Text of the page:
Administration takes steps to reduce construction noise pollution

Juliana Moraes-Liu, Author

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Seniors Ashley Swendseid and Emily Howard pass by construction next to the 700 building. The Paly administration plans to install noise blankets here as well.

– Suzanna Ackroyd

The Palo Alto High School administration plans to place noise reduction blankets around campus construction areas and implement voice amplification systems in classrooms in an effort to combat noise emitted by the construction of the media center and math and social sciences buildings.

“It [the noise] is something we’re working on,” Assistant Principal Jerry Berkson said.

The contruction project, according to Berkson, is estimated to be completed 22 months from its start date last Monday, Aug. 22.

The two buildings being built will be a media center housing photography, video production and journalism/English classrooms as well as a math and social sciences building. Contruction only began the day before the school year commenced due to the timing of the bid and that the contractors started as early as they possibly could, according to Principal Phil Winston.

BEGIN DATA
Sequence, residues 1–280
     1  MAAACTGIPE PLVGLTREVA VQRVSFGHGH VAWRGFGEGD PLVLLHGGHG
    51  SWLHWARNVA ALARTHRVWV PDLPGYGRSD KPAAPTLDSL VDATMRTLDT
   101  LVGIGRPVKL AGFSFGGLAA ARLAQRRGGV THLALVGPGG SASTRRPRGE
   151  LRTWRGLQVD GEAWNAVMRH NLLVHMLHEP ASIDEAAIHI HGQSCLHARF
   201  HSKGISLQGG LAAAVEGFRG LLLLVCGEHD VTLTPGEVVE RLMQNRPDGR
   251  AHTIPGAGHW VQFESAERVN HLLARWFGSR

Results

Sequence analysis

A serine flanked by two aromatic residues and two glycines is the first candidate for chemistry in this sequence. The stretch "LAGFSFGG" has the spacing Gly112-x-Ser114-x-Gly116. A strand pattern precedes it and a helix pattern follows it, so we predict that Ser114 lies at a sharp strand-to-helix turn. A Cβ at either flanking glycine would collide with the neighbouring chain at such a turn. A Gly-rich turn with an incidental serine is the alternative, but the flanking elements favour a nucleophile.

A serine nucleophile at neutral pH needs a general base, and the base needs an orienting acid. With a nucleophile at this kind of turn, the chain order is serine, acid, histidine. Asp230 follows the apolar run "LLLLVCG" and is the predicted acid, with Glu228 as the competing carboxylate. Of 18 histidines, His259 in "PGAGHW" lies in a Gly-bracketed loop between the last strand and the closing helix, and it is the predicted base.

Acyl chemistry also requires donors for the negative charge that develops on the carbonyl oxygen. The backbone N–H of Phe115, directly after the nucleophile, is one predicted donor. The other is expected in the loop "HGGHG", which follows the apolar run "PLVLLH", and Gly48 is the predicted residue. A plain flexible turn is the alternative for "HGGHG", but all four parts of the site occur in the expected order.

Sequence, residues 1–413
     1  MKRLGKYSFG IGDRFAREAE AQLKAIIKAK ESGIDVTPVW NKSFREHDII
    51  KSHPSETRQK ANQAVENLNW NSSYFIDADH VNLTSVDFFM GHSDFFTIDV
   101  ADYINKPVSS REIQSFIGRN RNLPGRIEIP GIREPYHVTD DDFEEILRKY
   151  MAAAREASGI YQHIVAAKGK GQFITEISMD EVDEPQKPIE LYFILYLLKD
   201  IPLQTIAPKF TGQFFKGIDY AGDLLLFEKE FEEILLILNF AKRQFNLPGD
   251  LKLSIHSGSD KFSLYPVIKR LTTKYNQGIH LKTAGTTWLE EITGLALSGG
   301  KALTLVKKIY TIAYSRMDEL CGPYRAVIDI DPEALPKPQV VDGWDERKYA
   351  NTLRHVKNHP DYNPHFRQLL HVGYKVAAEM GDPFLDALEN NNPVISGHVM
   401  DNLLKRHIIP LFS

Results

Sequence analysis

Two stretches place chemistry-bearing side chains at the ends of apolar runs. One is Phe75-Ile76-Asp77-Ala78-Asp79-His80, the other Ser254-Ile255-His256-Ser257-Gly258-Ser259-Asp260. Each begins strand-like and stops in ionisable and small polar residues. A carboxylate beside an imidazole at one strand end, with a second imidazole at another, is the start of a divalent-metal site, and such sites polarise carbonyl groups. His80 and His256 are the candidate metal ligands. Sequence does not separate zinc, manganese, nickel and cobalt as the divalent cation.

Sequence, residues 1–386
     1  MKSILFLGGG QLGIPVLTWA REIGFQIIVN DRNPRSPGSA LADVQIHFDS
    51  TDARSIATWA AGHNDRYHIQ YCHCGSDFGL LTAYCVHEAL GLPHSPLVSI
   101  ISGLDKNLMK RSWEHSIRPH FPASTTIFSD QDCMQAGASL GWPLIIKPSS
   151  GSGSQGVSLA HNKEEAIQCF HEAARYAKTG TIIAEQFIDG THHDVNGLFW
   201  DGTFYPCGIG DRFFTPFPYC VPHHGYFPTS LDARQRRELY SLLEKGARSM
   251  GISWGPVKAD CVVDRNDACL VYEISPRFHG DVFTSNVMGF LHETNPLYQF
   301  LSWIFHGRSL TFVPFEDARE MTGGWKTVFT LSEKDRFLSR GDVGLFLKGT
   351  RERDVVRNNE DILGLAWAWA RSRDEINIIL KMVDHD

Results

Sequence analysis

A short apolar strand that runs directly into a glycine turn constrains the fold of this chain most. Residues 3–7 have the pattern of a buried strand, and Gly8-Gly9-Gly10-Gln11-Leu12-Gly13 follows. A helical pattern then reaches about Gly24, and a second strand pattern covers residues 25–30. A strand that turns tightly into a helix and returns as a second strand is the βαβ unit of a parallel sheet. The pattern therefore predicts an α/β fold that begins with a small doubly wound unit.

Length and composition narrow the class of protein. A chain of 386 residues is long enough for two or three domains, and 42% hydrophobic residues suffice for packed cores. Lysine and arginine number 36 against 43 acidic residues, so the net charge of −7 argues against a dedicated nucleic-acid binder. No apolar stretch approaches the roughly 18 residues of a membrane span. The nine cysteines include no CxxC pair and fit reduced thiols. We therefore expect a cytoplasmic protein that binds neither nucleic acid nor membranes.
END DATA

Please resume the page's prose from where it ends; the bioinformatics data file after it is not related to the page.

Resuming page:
The administration has offered voice amplification systems to all teachers and the school will buy as many sets as needed, according to Berkson and Winston. Noise blankets will also cover fencing and will hopefully keep the noise levels down in classrooms. Winston is not yet sure when the noise blankets will be put in place.

Four amplification systems are already in use, Winston said.

“I think the FM [amplification] systems will make a huge difference, particularly in the language classes,” Winston added.

Many teachers close to the construction sites who are impacted by the noise are still adjusting to it.

“It’s loud and it’s frustrating … especially [for the students] when we write in-class essays,” humanities teacher Lucy Filppu said. “It [the noise] is almost the antithesis of learning, but it’s what we have to do.”

Math teacher and Instructional Supervisor Radu Toma also commented on the math department’s impressions of construction noise in the classrooms.

“So far it’s been manageable and it hasn’t been too bad,” Toma said. “We’re keeping our fingers crossed and hoping that we can live with it. So far we can.”

Though the consensus is that the noise is an inconvenience, most agree that what is to be gained merits the sacrifice.

“It’s like living though an institutionalized [house] remodel,” Filppu said. “This is our space. We [teachers] are here all the time, but we know it’ll be a beautiful house someday so it’s worth it.”

Toma echoed this sentiment, saying “We’re psyched that we’re going to have a new building, so for now we’ll deal with it [the noise].”

Winston, who said he has personally experienced the noise in affected classrooms, also holds an optimistic view.

“I have been in all the classrooms … and I was visiting all last week,” Winston said. “When the door is closed, it has been louder than last year but it’s not as bad as someone banging on the door.”

And as far as the principal’s impression with how the staff is acclimating, he had only positive things to say.

“The people are outstanding … they have been awesome,” Winston continued.